The first rain brought him one year of life being stopped short to watch death and destruction swirl around him. He slept among his extended family in a massive boat full of animals, endlessly rocking. Never ceasing to rock, never feeling still. Imagine that.

I'm trying to imagine how I'd feel when raindrops hit my face for the second time. God's promise to never flood the earth again would look thin, if I remembered it at all. And would I question what I saw in the sky? What was that, exactly? Gosh it was so long ago...perhaps not a sign, just an illusion. Would I think only a complete fool would believe God would promise me anything?

The second rain would feel like a huge setback. All the old feelings would begin to stack against me like the ominous clouds in the sky. The fears of revisiting the place of my deepest trials would haunt me.

Are haunting me.

I'm feeling the drips hit my face and finding it a challenge to remember the rainbow.

Lord, your promises to me are everything. Let me not forget how you are so much more faithful than I. Your every word is true and trustworthy. Please show me that the rain will not become a flood, no matter how bleak the skies get. Keep my feet upon your rock.  

{If you haven't read Noah's story in a while, you can find it in Genesis 6:9 through the end of chapter 9. Whoever said the Bible was boring never read Genesis.}


  1. Great post, Leslie. I struggle with remembering God's promises, too. In fact, it's been my struggle most of this week. It's easy to remember them when things seem to be going the way I want...but as soon as that rain starts again, I stop believing. Thank you for writing this. I needed to hear this tonight.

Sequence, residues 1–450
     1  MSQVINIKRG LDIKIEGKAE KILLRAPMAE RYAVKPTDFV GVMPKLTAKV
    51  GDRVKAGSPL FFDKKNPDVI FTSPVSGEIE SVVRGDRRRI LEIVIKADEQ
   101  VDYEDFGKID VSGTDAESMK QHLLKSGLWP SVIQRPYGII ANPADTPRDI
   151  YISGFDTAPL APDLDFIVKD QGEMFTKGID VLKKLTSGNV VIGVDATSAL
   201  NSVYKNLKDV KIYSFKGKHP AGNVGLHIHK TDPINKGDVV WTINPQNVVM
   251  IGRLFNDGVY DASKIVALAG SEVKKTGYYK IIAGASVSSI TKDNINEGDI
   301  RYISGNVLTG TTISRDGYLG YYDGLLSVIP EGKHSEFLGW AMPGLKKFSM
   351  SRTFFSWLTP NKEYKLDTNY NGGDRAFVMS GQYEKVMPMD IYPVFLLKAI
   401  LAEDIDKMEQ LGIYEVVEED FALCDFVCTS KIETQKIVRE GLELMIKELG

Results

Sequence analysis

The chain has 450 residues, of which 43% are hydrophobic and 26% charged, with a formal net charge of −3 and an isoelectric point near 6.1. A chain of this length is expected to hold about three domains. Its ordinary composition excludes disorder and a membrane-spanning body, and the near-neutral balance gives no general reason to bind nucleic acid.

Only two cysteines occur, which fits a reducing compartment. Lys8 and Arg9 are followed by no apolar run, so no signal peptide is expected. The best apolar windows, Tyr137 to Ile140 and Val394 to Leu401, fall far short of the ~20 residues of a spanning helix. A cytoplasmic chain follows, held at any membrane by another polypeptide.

And, I agree. Genesis is awesome! My husband and I have been reading through a chapter a night...and it's been such a great refresher. I love reading the stories of others who've made plenty of mistakes, yet God still used them and loved them. Amazing...

  2. Wow. We are sharing a brain to the point that it's freaking me out a little. I'm receiving this as confirmation of what's been on my heart the last few days. Thank you.

  3. Your precious heart is growing before our eyes. He does know how that raindrop can cause us to fear. And as He sends it, His Grace is already abundantly supplied, the exact portion you need, and it has your name on it. And so your faith grows because, once again He has shown Himself Faithful. This will be so encouraging to so many. Thank you for bringing Him Glory through the words of your testimony.

  4. I have never thought about that before (what Noah must have felt when it rained for the first time AFTER the flood). That sure is a physical manifestation of trusting in His promises!

  5. the second rain. something i have never thought about. but i know precisely what you mean, from experience. thank you. you probably do, but maybe you don't, have any idea what this spoke to me. i'm praying for you and thanking God for the unique way that He speaks to you and through you. these words are priceless.

  6. i love that first line, about growth being linear. so true. What a great post, I have been there so many times. Its hard to remember the rainbow during the storm but the comfort is that it always comes. it was refreshing to read this post, thank you for sharing. I also found faith blogs through your blog so thank you for that too! what a great website.